Instead, payout rates should be used as a rough guide to compare successful claims across the industry as a whole.
Most of the leading UK insurers have a traditional long term income protection product.
Where each has their own pricing and underwriting philosophy it is important you research and compare quotes across the market to find the most cost-effective solution given your circumstances.
Our online cost calculator makes life easy, enabling you to instantly compare pricing from all of the following insurers 😎
There are some smaller providers who focus on specific niches which you might not come across unless you speak to an expert adviser. If you need help doing your research give us a call on 02084327333 or email firstname.lastname@example.org.
Another important area of comparison is the additional benefits on offer from various insurers. These are services available, almost always for free, alongside Disability Insurance.
Insurers offer these benefits with your wellness in mind. They’re there to help reduce the chances of you needing to claim or to speed up your recovery if you do fall ill.
Depending on your insurer, additional benefits may include:
Many such services are available not only to you as the policyholder but also your immediate family, such as your spouse / civil partner or dependent children.
Yes, Disability Insurance is another term for Income Protection.
Effectively, they are the same product.
If you choose long term protection, the answer is yes. Traditional long term protection covers permanent disability.
With this protection, if you become permanently disabled your plan continues paying out until you retire. At that point, you usually get access to other income, such as the state pension.
Yes, self-employed workers can get Disability Insurance. It doesn’t matter whether you’re a company director, a sole trader or an employee of your own limited company.
In fact, given self employed people don’t get sick leave and aren’t entitled to Statutory Sick Pay, it may be even more important for them than for employed people.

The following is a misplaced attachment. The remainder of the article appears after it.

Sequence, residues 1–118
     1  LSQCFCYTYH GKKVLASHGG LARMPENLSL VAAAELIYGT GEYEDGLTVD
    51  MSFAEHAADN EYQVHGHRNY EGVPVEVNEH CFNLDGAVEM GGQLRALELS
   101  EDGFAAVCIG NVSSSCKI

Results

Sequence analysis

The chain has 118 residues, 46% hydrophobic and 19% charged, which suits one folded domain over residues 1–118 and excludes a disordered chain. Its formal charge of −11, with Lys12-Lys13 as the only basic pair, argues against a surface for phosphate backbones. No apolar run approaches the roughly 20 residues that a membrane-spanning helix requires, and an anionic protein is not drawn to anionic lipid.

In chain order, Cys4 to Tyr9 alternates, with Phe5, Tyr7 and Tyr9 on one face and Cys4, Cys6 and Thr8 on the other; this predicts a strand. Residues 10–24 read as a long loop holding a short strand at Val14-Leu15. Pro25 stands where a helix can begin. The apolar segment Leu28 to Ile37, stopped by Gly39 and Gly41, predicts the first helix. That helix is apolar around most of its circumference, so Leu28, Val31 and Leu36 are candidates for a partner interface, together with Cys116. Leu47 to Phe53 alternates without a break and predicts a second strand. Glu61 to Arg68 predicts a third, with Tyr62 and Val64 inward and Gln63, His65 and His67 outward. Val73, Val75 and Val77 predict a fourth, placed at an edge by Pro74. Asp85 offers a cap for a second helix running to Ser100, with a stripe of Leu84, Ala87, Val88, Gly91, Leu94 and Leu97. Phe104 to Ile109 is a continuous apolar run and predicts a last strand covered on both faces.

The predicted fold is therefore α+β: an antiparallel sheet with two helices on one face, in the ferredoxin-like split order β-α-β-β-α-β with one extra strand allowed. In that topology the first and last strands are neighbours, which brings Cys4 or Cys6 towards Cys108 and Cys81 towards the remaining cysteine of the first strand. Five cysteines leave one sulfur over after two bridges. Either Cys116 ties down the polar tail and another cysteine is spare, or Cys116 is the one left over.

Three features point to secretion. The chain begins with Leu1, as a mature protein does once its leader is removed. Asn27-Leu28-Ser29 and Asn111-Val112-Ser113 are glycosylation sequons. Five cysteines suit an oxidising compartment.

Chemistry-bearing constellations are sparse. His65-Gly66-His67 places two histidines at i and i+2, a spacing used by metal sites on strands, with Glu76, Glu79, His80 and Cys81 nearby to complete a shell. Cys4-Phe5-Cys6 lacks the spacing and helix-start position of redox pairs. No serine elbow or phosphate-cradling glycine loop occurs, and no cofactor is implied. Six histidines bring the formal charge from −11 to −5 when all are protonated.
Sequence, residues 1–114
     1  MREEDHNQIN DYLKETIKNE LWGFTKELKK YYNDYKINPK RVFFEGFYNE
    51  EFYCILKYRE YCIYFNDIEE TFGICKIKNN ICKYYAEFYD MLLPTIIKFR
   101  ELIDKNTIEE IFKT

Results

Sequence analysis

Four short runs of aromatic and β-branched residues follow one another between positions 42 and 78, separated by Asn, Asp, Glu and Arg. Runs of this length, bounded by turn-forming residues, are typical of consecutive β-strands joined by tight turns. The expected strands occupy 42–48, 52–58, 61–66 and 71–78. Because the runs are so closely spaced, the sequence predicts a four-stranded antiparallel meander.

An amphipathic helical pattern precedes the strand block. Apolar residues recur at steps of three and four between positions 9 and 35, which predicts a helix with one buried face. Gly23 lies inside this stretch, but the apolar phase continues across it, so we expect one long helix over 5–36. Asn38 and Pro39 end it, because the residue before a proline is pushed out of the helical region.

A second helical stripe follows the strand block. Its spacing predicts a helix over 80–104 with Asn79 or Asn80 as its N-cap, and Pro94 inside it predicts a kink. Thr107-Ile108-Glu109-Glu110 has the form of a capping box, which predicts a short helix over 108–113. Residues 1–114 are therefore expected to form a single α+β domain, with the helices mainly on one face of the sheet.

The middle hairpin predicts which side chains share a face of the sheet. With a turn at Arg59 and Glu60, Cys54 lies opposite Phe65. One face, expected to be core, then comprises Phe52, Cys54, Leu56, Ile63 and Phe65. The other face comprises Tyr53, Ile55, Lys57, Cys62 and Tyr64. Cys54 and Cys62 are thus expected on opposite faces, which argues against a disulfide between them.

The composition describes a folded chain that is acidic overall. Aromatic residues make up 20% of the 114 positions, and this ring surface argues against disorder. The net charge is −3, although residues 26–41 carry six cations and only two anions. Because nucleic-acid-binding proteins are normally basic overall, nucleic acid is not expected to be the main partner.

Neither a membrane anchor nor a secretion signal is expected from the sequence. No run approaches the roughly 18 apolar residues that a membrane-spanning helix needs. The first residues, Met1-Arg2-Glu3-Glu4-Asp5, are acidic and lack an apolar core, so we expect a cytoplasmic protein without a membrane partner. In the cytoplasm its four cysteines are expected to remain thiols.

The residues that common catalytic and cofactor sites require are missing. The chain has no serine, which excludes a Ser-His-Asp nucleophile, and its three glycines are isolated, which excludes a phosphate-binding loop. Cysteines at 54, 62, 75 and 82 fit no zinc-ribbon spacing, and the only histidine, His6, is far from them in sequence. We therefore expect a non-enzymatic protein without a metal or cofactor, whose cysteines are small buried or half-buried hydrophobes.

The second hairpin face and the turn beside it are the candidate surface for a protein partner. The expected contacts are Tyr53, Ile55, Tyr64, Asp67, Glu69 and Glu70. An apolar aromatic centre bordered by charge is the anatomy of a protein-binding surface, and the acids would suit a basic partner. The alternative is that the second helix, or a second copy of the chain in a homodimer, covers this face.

Providing you’re working more than 16 hours per week and can prove your earnings, you’re eligible for cover.
If you buy cover personally, you pay premiums with net income (i.e. your earnings after HMRC has already taken tax and National Insurance contributions from).
Given you’ve already paid tax on the funds you use to pay premiums, the payout is typically tax free.
However, if you’re enrolled in a workplace Group Income Protection scheme your employer pays for, or you opt for Executive Income Protection, the answer is slightly different.
If a business is paying premiums on your behalf, the premiums can be eligible for corporation tax relief for the company.
This means benefits are therefore taxable. In the event of a claim, the insurer pays the benefit to your employer. Your employer then distributes it to you as it would your wages. HMRC taxes it as income at this point.
No, our understanding is that HMRC does not consider Disability Insurance a P11D / benefit in kind.
P11D benefits are those which employers pay for on your behalf and you must pay additional tax on.
We started Drewberry™ because we were tired of being treated like a number.
We all deserve a first class service when it comes to issues as important as protecting our health and our finances. Below are just a few reasons why it makes sense to talk to us.
If you are looking to set-up disability cover or review an existing policy give us a call on 02084327333 or email email@example.com.
I’ve held a policy with Drewberry for several years now. They are always friendly, insightful and offer great service.